Like the expert panels that preceded it, the Commission’s work led to policy recommendations which - had they actually been implemented - would have resulted in more families staying together, fewer people returning to communities with criminal histories weighing them down, and more investment in communities. But, like the plans put forth under prior Governors, few of the Commission’s recommendations were ever implemented.
Today, there are still far too many people in Illinois prisons who could be safely released, and many who never should have been sent there in the first place. The Illinois Department of Corrections budget alone is $1.5 billion a year, far too much for people in our state to support an unjust system that produces little public safety benefit.
ACLU polling shows that most Illinois voters support lawmakers committed to reducing incarceration, and support taking significant steps to reform sentencing in Illinois’ criminal legal system. These findings belie the widely held view that the public would be opposed to such changes in sentencing for fear of a political attack labeling an officeholder as “soft on crime.”
In this moment, we have a unique opportunity. The Illinois prison population is at its lowest level in 20 years as a result of declining arrests for drug and property crime, as well as temporary holds on transfers from county jails to state prisons during the pandemic. After decades of making policy based on anecdotes and political mailers, lawmakers have finally begun to demand and rely upon data around our use of prisons and jails. At the same time, people across the country are finally awakening to the ugly reality that racism is deeply ingrained in many of our institutions, especially in policing and the criminal legal system, and demanding change.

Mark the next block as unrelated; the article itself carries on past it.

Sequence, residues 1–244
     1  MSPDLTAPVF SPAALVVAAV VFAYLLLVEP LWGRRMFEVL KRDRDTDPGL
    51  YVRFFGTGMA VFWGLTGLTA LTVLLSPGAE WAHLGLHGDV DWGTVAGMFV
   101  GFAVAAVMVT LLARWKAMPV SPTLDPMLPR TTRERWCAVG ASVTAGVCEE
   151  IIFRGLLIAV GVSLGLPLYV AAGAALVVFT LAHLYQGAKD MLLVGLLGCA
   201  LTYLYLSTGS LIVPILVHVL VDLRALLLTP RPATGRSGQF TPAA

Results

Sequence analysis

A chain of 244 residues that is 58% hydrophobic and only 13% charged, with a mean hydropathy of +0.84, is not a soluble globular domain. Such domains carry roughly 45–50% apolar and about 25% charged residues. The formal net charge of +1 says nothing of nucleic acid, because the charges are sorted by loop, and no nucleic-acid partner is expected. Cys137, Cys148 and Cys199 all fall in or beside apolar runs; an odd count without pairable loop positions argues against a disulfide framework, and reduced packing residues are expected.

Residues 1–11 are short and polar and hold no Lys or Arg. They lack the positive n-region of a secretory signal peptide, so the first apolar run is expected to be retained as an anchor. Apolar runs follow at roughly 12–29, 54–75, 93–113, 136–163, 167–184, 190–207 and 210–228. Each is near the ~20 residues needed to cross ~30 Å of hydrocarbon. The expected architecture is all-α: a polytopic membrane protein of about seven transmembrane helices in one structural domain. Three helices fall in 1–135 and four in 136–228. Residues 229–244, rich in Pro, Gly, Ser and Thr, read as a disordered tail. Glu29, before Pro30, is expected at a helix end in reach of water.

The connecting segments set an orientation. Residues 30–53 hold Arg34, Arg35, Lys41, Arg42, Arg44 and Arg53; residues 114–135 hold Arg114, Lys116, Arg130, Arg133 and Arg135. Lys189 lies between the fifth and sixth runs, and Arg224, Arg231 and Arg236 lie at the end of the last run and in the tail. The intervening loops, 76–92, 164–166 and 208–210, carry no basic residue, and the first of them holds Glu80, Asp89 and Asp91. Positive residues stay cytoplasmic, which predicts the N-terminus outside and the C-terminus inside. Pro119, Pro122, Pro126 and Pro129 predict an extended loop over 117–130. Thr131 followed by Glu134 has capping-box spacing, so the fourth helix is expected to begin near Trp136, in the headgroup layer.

Governor Pritzker recently unveiled seven “principles to build a more equitable criminal justice system,” including modernizing sentencing laws for drug and property crimes and reducing the length of excessive prison stays. “[W]e spend billions of dollars a year keeping too many people in an overcrowded prison system that has proven itself too expensive, too punitive and wholly ineffective at keeping Illinois families safe,” said the Governor. “As we move forward with the General Assembly to pass comprehensive criminal justice reform, it is my hope that the nation will look to Illinois as a leader in true equity and justice for generations to come."
Illinois must not turn back. The time has come for real sentencing reform, and we must commit to these four essential elements to have real impact:
- Reducing minimum sentences and eliminating mandatory minimums.
- Reclassifying minor drug and property offenses.
- Reducing the length of commitments to the Department of Corrections.
- Applying reforms retroactively to currently incarcerated people.